Most of the time, nudging's just another word for nannying


All newly qualified drivers will be required to decide whether to donate their organs in the event of their death in a controversial move to boost the number of transplants. The plan, due to take effect in July, is the latest initiative to emerge from the government's 'nudge unit', formally known as the Behavioural Insight Team, which aims to change people's behaviour without resorting to legislation.

I still remain doubtful about this initiative. True, if you ask people whether they would like to donate their organs, about 70% say yes. But only a tiny fraction actually do anything about it. By giving people the choice at key stages in their lives – when they get a driving licence, for example – many more will tick the box. And that has to be good, hasn't it?

Well yes, provided the choice that people are given is benign, and remains a genuine choice. No sooner was the 'nudge' philosophy circulating than various advisers to the last government were proposing that smokers should be required to fill out a 28-page form before buying a packet of gaspers, and other such nonsense. That's a case of people still having some choice – but the choice being skewed beyond reason and endurance. I am hardly free if my preferred choices are made hugely inconvenient, or if I am subjected to public humiliation and personal abuse for making them. Drinkers and fatty-food lovers be aware.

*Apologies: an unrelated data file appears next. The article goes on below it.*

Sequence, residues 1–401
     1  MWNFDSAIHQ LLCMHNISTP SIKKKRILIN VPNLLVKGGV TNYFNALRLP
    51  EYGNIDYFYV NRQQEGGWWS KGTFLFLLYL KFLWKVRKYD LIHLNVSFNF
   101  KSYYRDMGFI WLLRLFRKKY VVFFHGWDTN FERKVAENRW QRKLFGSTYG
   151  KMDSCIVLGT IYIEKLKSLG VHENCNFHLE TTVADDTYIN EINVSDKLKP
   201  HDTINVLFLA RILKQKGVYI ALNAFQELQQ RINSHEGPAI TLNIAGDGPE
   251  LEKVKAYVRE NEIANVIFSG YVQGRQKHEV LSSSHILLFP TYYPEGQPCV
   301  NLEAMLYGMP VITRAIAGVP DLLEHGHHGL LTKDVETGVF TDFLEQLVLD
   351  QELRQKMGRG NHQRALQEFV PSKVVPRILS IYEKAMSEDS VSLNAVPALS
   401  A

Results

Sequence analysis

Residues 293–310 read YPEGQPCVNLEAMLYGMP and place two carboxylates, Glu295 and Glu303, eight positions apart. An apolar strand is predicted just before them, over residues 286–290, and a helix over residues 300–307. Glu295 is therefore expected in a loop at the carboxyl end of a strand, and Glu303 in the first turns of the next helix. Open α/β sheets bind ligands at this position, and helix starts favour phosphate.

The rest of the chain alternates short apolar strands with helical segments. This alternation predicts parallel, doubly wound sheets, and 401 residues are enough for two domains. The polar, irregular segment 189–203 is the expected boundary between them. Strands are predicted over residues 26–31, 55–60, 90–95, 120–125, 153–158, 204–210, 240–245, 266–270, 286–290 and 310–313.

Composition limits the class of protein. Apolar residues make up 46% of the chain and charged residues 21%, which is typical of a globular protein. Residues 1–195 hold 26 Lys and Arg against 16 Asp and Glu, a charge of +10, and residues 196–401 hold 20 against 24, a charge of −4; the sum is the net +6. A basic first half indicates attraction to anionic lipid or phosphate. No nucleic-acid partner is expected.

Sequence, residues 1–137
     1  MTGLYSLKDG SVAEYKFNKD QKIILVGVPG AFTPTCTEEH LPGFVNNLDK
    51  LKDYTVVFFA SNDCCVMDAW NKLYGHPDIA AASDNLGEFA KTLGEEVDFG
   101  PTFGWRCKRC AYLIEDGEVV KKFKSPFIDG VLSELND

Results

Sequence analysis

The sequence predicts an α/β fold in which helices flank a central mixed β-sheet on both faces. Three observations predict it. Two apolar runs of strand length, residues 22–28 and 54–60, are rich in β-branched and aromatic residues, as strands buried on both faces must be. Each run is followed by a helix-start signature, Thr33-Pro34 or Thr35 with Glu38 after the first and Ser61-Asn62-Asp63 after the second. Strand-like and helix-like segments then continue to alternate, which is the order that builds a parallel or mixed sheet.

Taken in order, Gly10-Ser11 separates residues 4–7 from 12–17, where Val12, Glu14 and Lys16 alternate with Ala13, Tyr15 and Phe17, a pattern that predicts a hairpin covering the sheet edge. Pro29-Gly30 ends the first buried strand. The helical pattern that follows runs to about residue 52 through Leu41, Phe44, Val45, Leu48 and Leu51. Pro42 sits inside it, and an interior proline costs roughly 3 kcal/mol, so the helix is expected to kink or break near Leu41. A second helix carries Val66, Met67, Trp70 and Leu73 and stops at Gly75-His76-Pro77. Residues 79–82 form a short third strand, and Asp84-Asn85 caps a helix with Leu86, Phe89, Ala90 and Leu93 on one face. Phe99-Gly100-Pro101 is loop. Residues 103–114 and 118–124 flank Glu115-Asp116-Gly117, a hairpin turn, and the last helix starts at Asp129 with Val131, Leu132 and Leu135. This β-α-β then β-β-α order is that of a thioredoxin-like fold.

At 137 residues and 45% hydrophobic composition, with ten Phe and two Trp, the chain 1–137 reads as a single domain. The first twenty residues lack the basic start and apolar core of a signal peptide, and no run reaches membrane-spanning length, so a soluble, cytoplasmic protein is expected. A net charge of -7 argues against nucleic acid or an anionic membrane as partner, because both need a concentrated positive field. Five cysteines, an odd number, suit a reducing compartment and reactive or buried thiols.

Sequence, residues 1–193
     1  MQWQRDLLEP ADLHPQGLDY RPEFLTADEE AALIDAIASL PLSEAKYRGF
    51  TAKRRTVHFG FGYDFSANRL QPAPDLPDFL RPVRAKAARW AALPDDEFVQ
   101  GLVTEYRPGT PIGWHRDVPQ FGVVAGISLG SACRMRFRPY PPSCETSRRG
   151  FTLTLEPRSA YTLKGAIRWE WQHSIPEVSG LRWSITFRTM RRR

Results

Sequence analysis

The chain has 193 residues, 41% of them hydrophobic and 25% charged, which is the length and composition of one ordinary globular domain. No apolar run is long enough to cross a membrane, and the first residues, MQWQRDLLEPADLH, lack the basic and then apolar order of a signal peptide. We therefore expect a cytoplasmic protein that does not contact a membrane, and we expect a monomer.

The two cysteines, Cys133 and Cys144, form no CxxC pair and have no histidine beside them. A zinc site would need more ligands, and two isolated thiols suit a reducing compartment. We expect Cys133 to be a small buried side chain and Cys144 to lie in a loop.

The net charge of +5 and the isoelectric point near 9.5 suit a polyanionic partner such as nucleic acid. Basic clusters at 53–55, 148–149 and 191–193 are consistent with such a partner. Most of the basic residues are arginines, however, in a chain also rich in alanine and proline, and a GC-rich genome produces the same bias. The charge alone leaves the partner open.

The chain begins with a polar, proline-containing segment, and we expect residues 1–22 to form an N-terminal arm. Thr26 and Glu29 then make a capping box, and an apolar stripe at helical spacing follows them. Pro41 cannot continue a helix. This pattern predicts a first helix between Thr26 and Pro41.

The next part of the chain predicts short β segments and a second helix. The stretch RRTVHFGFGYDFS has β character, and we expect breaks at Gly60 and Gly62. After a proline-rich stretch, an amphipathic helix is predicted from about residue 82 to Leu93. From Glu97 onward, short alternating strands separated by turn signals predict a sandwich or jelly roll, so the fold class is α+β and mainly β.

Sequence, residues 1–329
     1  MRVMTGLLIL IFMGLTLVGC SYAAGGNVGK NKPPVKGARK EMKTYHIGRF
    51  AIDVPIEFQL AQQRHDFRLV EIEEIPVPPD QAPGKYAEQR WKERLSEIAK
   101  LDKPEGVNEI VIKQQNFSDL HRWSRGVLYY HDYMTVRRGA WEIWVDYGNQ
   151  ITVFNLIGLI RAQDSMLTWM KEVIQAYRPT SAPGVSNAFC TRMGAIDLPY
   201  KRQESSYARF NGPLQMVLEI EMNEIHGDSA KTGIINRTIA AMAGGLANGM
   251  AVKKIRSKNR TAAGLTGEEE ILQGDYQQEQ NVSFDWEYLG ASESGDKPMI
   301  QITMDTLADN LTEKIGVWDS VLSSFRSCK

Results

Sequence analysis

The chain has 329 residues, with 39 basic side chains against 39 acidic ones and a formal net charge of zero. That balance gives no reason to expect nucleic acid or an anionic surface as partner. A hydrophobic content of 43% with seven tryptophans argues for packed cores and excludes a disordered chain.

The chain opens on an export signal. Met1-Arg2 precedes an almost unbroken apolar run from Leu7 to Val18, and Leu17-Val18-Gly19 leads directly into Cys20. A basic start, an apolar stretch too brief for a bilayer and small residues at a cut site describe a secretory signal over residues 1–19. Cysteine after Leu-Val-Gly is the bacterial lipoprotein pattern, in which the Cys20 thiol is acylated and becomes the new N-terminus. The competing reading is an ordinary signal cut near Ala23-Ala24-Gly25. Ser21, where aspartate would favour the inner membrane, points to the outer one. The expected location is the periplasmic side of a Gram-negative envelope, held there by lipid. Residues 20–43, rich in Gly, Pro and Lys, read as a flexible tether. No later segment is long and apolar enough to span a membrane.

But then, how far should politicians deign to 'nudge' us into the 'right' actions – including actions that we say we would like to take, even if in the event we can't actually be bothered? One can see the general public benefits of people being nudged into donating their organs, so there is some case for that. There is a lot less general public benefit in nudging people into people smoking, drinking and eating less, or popping fewer illicit pills and taking more exercise, for that matter. These are things that affect mostly the individual, not the public.Nevertheless, politicians feel they have a right, even a duty, to bring about a change in these and other parts of our lifestyle, just because they think it would be 'better' for us. Maybe it would, but if our sloth and gluttony don't affect anyone else, what business is it of the government to stop us, or even nudge us?

And where does the interference based on 'behavioural insight' actually end? I can foresee some future government that thinks capitalism is undesirable trying to nudge us out of it by ritually humiliating a few entrepreneurs. Indeed, when I look at the attitudes and actions of Business Secretary Vince Cable, I think this might already have started to happen.